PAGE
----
December 10 – Thomas Merton

These weekly “People to Commemorate” posts are a kind of calendar for the commemoration of the saints, reproduced here from a Uniting Church Assembly document which can be found in full here. They are intended for copying and pasting into congregational pew sheets on the Sunday closest to the nominated date.

Images (where provided) are of icons by Peter Blackwood; click on the image to download a high resolution copy of the image.

Thomas Merton (1915-1968), person of prayer

The life and writings of the Trappist monk Thomas Merton mark him as one of the great prophetic spiritual writers and teachers of the twentieth century. Merton integrated his life and writing by embracing wholeheartedly contradiction and paradox while expressing his passionate beliefs as a Christian through the voice of the mystic and poet. The greatness of Merton’s legacy lies largely in his capacity to record with searing transparency both his personal spiritual journey and his observations on the spiritual, political, economic, social and environmental issues of his day.

He was above all open to experience and not afraid of it: “Suspended entirely from God’s mercy, I am content for anything to happen” (Journal, November 29, 1952).

Merton was born on 31 January 1915 in Prades, France. Perhaps, classically, his was an unhappy childhood. Merton’s mother died when he was six. His father was an artist who, having moved around constantly, often leaving his son alone, died when Merton was fifteen. For several years Merton lived freely following his desires but also accompanied by personal angst and intense searching. In his mid-twenties, as a student at Columbia University, he experienced a religious conversion and joined the Catholic Church. In 1941 he entered the Trappist Monastery at Gethsemane in Kentucky and spent the rest of his life as a member of that community.

His tragic and premature death from an accidental electrocution on 10 December 1968, while at an international conference of monks in Bangkok, was noted with a front-page obituary in The New York Times. He was 58 years old.

A man who loved silence yet felt compelled to write about silence. A man who craved solitude yet chose to disclose himself to the world and become fully engaged with it in order to discover more about God for himself and for others. A man who shunned public acclaim yet was read and admired by millions. What is the key to this great spiritual teacher? The key is in the remarkable gift of his writing and what it communicates to us. Writing was literally Merton’s life. “To write is to think and to live—even to pray” (Journal, September, 1958).

Merton’s first memoir, The Seven Story Mountain, the story of his journey from self-absorbed youth to novice monk, became a best-seller and has remained in print since 1948. Merton’s personal journals run to seven volumes. He writes in many different genres: devotional and philosophical meditations (e.g. New Seeds of Contemplation and Conjectures of a Guilty Bystander); social criticism and commentary (e.g. The Seeds of Destruction); explorations in Eastern spirituality (e.g. Zen and The Birds of Appetite); biblical studies (e.g. Bread in the Wilderness); and wrote several collections of poetry and essays.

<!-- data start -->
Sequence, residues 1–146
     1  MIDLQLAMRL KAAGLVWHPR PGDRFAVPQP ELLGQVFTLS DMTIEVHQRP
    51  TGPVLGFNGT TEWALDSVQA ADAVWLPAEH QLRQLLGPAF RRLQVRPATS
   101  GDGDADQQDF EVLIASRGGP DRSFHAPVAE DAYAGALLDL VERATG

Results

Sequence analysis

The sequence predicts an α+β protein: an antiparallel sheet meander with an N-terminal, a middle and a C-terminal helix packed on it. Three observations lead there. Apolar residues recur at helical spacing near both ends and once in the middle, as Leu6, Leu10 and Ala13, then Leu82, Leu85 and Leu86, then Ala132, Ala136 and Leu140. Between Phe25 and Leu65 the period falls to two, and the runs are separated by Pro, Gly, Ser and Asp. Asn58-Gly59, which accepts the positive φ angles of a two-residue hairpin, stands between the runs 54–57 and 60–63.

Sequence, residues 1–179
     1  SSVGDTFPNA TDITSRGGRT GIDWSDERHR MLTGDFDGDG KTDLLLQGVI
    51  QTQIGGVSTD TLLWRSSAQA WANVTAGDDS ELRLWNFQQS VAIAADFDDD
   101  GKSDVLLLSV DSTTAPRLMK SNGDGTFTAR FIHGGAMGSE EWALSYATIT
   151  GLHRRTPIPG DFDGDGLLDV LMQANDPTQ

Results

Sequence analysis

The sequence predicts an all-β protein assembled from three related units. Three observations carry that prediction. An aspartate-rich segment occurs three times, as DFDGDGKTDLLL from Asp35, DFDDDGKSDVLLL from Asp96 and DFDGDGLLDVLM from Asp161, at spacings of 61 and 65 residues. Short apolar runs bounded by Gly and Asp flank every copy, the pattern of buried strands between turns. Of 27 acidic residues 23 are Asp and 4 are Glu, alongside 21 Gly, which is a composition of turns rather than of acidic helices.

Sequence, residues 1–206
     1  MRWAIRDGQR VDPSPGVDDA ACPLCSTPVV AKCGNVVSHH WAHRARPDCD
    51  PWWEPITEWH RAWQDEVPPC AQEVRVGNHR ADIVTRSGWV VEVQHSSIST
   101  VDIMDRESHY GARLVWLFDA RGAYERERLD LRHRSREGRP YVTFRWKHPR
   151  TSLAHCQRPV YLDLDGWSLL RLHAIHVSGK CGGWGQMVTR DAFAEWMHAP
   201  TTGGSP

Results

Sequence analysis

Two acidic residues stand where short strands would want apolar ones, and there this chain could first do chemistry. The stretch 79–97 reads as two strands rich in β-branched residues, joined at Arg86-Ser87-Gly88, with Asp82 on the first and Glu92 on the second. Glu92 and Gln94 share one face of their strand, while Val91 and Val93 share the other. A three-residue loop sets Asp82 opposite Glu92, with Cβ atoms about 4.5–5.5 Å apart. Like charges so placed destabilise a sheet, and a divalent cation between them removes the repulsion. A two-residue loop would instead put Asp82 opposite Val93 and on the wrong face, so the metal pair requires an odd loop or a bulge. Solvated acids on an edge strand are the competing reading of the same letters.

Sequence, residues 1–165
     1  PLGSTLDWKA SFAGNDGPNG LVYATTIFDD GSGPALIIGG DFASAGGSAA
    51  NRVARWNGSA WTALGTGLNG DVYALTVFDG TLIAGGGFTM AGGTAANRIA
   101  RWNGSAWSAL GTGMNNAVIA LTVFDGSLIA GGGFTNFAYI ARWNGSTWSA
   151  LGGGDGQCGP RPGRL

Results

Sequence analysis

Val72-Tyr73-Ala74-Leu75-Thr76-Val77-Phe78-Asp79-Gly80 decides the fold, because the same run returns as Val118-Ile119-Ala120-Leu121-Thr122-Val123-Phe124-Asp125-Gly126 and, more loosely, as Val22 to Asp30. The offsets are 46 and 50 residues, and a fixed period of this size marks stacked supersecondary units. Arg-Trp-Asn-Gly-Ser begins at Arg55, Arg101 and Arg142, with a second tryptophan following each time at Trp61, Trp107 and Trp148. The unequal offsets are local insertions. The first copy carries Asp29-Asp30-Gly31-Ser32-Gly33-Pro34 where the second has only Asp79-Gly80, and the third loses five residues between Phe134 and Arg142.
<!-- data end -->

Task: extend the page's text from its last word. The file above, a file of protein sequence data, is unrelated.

Merton is always evocative and his insights illuminating on the nature of being human and on our ability to perceive God at work in our selves, each other and the world. And so he wrote:

I have the immense joy of being man, a member of a race in which God himself became incarnate. As if the sorrows and stupidities of the human condition could overwhelm me now that I realise what we all are. If only everybody could realise this! But it cannot be explained. There is no way of telling people they are all walking around shining like the sun.

Merton was profoundly interested in the East and especially in how the ways Eastern thought, particularly Buddhism, might illuminate aspects of the Western tradition:

If I can unite in myself, in my own spiritual life, the thought of the East and the West, of the Greek and Latin fathers, I will create in myself a reunion of the divided Church, and from that unity in myself can come the exterior and visible unity of the Church. For, if we want to bring together East and West, we cannot do it by imposing one upon the other. We must contain both in ourselves and transcend them both in Christ (28 April 1957).

Merton was a radical inclusivist and thoroughly post-modern. Yet ultimately, his is the voice of the mystic and poet: “By the reading of Scripture I am so renewed that all nature seems renewed round me and with me. The sky seems to be more pure, a cooler blue, the trees a deeper green, light is sharper on the outlines of the forests and the hills, and the whole world is charged with the glory of God and I feel fire and music in the earth under my feet.” (8 August 1949)

(Quotations from Merton are from The Intimate Merton, His Life from His Journals. Edited by Patrick Hart and Jonathan Montaldo. Lion Publishing: Oxford, 1999.)

Carolyn Craig-Emilsen